I would check this page out. It talks about file permissions in depth.
But to answer your question directly, no:
The super user "root" has the ability to access any file on the system.
In your example for instance if the file is owned by say
bob and the group owner was also
bob, then you would see something like this:
-r--r-xrw-. 1 bob bob 8 Jan 29 18:39 test.file
The 3rd bit group the (rw) would also apply to root, as root being part of the
others group. If you tried to edit that file as root you would see that you have no problem doing so.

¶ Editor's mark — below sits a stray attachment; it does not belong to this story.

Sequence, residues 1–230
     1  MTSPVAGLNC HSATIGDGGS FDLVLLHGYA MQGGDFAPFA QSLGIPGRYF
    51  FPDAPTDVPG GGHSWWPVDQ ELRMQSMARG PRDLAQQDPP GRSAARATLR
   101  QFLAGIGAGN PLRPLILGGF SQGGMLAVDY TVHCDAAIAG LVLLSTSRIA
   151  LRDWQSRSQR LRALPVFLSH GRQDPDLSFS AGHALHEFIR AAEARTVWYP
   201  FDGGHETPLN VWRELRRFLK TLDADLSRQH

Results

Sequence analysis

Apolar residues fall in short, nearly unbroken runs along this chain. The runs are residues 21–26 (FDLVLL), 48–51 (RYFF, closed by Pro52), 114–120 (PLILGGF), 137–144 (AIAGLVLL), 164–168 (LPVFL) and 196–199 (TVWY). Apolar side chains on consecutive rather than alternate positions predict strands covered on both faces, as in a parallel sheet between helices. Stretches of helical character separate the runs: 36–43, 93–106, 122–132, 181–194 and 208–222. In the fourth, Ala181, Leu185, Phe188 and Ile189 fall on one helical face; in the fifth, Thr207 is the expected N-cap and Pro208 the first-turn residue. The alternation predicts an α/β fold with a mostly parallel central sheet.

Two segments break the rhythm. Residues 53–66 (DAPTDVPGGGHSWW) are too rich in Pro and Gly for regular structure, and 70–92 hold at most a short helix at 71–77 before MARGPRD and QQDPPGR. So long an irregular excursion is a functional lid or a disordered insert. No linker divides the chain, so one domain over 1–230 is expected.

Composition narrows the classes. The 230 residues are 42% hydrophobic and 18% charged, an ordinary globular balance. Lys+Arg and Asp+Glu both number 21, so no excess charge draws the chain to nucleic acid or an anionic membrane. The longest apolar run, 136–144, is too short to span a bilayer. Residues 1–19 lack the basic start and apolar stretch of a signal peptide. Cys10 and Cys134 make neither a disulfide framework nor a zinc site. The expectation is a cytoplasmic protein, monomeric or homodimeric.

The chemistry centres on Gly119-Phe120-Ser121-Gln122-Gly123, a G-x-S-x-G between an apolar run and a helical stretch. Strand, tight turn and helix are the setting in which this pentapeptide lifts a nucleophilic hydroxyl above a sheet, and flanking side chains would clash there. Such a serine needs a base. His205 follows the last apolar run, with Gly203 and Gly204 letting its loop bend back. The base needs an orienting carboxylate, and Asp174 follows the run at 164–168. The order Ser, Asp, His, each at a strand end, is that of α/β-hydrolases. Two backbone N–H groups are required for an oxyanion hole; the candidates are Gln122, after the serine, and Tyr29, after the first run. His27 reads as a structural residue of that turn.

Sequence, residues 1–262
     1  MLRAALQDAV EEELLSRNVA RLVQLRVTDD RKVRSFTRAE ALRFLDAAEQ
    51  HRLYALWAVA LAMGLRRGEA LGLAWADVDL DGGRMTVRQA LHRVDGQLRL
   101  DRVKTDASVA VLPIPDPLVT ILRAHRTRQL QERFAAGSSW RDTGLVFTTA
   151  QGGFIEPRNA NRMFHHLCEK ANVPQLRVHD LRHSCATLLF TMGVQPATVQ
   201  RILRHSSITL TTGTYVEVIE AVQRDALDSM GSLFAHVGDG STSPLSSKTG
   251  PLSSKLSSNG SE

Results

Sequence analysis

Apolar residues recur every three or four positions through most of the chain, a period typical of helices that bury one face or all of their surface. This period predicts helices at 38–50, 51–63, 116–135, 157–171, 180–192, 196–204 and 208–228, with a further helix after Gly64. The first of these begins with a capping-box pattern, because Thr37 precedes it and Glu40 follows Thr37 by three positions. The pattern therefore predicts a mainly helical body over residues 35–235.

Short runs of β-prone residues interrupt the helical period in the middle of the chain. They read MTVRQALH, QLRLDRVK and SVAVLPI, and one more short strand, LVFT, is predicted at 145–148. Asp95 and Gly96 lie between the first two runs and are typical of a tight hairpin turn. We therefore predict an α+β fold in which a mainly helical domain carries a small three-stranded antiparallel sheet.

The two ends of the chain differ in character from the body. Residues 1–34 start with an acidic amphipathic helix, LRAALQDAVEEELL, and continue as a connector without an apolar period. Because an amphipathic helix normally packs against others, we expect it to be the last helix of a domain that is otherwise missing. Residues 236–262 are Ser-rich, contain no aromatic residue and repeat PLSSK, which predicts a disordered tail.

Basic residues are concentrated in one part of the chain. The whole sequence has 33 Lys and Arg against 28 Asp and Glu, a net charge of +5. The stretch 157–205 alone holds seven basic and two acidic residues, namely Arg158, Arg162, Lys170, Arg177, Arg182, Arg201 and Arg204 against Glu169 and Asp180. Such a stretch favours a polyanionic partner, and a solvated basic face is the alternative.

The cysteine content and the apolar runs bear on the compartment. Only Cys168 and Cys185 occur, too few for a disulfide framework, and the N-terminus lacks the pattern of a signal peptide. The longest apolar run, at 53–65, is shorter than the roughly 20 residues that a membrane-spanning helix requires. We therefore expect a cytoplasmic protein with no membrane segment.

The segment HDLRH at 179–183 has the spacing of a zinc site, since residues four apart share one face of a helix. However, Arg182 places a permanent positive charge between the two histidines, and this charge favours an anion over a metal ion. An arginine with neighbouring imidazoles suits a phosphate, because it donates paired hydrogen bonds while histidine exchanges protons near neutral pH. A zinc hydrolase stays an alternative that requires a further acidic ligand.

But to test your theory even more, if the file was owned by root:
-r--r-xrw-. 1 root root 8 Jan 29 18:40 test.file
And you again went to edit the file, you would see that you still have no problem editing it.
Finally if you did the extreme:
chmod 000 test.file
ls -lh test.file
----------. 1 root root 8 Jan 29 18:41 test.file
And you went again to edit the file you would see (at least in vi/vim)
"test.file" [readonly]. But you can still edit the file and force save it with
Testing @Stéphane Chazelas claim with a shell script file:
echo "I'm alive! Thanks root!"
[root ~]# ls -lh test.sh
----------. 1 atgadmin atgadmin 31 Jan 30 10:59 test.sh
[root ~]# ./test.sh
-bash: ./test.sh: Permission denied
[root ~]# sh test.sh
I'm alive! Thanks root!
@Shadur already said it so I'm just going to quote instead of restating it:
Note: The execution bit is checked for existence, not whether it's applicable to root.